Shawn Kanaʻiaupuni: Seeing System Change, Close Up
Seeing system change, close up – e hoʻomau kākou, e mālama honua kākou!
Education blog by crewmember Shawn Mālia Kanaʻiaupuni
One of the coolest parts of my job at Kamehameha Schools in the past few years has been the chance to become intimately connected to the Worldwide Voyage. Alongside the incredible kuleana as crewmember on several legs of the Voyage, I’ve witnessed the efforts of courageous educational leaders across the state working to transform education in ways that benefit our haumana, communities, and ʻāina. And little by precious little, changes in our educational systems are happening!
How change happens is a result of the collective efforts of many hands, some inspired by Mālama Honua, others by Nā Hopena Aʻo learning environments and Hawaiian culture-based education, and still others in their sustained commitment to strengthen community-school partnerships. Making change happen is through shared commitments guided by a navigator mindset, being courageous, and taking risks for a better future. Seeing change happen is an opportunity to say mahalo and remember the importance of shared values including the exchange of diverse perspectives, respect, and gratitude.
In the last four years, students and kumu have been a part of the voyage right here at home. Many of us at Kamehameha and in our communities have supported the Promise to Children and its educational commitment to inspiring children to care for our island earth. The Promise to Children was established in November 2013 and signed by educational leaders and hundreds of individuals in support of the Polynesian Voyaging Society’s worldwide voyage and the mission of Mālama Honua. The agreement emphasized the commitment to inspire students through education to explore, learn about, and protect Island Earth.
As a shining example, after implementing nearly four years of lessons connected to the Worldwide Voyage of Hōkūleʻa, the Hawaiʻi State Department of Education (DOE) brought together education leaders, teachers and students to say mahalo and to celebrate the homecoming of Hōkūleʻa. At a recent event to celebrate the work of the Department of Education to support the mission of Mālama Honua, Superintendent Kathy Matayoshi and Department of Education leadership celebrated the work of local educators and students who have participated so enthusiastically in this Voyage. The DOE produced this fabulous video to share the voices of students and teachers who have been engaged on this collaborative voyage. Superintendent Matayoshi also announced a newly signed agreement between the Department and Tahiti’s Ministry of Education that will carry on the mission of Mālama Honua.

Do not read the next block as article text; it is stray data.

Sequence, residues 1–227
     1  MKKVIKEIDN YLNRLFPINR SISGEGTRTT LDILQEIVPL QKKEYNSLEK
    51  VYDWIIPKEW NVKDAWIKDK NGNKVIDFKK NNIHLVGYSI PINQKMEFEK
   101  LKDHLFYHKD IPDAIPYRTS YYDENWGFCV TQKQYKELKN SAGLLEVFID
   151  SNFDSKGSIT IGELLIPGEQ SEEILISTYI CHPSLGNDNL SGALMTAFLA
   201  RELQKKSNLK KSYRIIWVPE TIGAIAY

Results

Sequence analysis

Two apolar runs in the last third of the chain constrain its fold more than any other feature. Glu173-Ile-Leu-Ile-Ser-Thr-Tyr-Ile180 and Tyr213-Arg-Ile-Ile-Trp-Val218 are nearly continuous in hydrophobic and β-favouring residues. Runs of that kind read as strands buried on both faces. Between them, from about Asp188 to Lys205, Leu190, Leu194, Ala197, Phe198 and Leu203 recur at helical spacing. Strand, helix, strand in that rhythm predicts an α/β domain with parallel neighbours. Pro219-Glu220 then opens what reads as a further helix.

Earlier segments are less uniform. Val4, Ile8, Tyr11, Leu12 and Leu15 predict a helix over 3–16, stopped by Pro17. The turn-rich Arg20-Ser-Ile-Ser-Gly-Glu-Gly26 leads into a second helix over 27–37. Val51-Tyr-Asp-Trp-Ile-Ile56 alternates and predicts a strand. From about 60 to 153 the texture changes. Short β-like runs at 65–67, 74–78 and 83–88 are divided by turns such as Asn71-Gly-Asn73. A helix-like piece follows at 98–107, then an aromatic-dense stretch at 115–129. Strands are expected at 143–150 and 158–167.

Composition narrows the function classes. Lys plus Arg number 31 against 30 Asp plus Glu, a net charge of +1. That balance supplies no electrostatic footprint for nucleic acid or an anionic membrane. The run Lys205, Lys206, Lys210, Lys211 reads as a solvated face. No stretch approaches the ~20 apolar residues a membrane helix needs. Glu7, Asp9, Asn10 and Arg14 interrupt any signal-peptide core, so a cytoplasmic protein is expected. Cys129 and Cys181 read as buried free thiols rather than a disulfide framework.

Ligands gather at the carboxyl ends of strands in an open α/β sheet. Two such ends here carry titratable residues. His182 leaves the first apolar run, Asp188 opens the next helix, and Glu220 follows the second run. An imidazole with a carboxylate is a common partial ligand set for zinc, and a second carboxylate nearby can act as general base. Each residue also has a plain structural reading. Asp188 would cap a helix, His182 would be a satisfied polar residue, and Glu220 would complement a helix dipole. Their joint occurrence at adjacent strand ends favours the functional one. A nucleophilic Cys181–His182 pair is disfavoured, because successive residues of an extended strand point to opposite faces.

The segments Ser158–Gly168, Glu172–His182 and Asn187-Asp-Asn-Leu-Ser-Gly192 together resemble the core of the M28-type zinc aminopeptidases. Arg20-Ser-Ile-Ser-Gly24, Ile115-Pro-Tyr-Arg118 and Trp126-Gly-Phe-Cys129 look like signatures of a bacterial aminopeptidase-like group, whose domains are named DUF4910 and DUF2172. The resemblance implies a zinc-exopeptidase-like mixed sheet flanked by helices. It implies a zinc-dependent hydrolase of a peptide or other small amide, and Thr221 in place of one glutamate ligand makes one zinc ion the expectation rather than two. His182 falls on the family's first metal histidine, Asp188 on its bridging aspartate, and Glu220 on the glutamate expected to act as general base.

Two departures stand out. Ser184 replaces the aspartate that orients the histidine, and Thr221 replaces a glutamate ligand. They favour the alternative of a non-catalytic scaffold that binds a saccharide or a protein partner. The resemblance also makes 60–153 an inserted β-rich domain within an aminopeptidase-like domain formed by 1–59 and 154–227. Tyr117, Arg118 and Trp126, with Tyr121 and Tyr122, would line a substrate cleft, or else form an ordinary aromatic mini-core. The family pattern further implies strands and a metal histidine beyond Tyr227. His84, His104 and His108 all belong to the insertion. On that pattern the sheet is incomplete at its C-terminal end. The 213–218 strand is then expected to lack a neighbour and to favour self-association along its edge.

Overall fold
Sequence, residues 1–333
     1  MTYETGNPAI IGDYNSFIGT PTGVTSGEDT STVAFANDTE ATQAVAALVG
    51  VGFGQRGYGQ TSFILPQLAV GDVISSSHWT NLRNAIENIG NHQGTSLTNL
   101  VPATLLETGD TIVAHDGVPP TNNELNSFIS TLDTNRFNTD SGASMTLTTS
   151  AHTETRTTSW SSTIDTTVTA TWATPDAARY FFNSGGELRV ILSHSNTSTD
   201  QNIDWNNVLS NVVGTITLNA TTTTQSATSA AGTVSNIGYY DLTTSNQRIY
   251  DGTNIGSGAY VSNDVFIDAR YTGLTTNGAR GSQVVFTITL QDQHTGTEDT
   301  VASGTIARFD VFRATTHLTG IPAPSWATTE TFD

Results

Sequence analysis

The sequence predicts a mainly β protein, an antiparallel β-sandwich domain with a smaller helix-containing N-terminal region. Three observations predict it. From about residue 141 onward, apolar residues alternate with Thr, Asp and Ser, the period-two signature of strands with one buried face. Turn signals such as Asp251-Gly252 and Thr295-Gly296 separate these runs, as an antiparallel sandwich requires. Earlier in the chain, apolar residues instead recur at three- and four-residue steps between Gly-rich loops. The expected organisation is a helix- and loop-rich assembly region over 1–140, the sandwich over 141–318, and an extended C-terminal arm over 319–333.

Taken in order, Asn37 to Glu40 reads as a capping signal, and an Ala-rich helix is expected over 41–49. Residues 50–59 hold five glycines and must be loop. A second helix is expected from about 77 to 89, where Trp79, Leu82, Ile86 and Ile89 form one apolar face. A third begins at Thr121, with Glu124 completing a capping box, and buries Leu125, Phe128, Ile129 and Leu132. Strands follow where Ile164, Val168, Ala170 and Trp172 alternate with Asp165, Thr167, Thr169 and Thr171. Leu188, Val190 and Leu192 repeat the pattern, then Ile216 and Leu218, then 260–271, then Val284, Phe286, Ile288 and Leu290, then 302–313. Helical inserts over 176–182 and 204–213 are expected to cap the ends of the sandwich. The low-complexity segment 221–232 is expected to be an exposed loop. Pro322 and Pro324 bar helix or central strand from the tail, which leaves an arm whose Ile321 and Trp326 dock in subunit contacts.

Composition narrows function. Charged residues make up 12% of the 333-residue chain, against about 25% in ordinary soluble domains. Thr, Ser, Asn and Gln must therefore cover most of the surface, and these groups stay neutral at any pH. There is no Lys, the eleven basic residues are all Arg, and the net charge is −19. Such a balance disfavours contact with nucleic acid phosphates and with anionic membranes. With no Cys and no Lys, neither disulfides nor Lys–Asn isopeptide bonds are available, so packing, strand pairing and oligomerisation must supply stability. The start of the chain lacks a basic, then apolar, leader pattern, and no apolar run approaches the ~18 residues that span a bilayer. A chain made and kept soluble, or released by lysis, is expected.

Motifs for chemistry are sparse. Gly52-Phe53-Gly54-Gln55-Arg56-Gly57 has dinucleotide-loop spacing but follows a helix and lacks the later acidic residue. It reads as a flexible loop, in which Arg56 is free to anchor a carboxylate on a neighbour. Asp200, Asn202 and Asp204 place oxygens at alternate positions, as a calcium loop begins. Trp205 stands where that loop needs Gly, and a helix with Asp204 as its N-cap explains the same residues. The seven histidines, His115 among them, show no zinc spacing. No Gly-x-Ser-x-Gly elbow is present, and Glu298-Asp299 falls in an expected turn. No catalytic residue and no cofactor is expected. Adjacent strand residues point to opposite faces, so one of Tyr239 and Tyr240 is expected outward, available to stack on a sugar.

Other changes have taken root in the University of Hawaiʻi (UH). For example, in the College of Education, under the leadership of Dean Donald Young, the entire faculty has embraced Nā Hopena Aʻo and Mālama Honua values in their meetings, planning, and coursework. As a system, UH strives to expand access to voyaging courses, which offer multidiscipinary learning spanning oceanography, astronomy, social studies, geography, anthropology, cultural studies, Hawaiian studies, and history. Another planning team of DOE, UH, and KS folks is developing voyaging courses for high school students that earn high school and, at the same time, early college credits that accelerate college completion.
At Kamehameha Schools, the awesome fifth graders and kumu put on their annual play featuring another leg of the voyage as they have for the past several years. High school students have the opportunity to take voyaging as an elective in Environmental Science, others developed global competencies and leadership through learning journeys to Aotearoa, Cape Town, the Galapagos, Rapa Nui, and Tahiti. Classrooms from throughout all three campuses have been connecting to the Hōkūleʻa crew through a variety of wa‘a talks and visits, allowing students to see the relevance of their lessons first-hand.
The voyage has been an opportunity for many of our alumni to grow into leadership roles, several serving as navigators throughout legs of the voyage. The lead navigator on Hōkūle‘a’s journey home will be Ka‘iulani Murphy, a KS Kapalama 1996 graduate who has been working and studying with PVS for nearly two decades.
When Hōkūleʻa returns home, she will embark on a statewide sail to visit our schools and communities to mahalo them and to learn about and celebrate their stories and progress on this journey.
The voyage does not end in June, it’s just beginning!
Event registration is live!
Join thousands of supporters and fans to welcome Hōkūleʻa home to Hawaiʻi in June 2017! Register now for the Mālama Honua Summit, reserve your tour aboard Hōkūleʻa, and RSVP for the Polynesian Voyaging Society benefit dinner.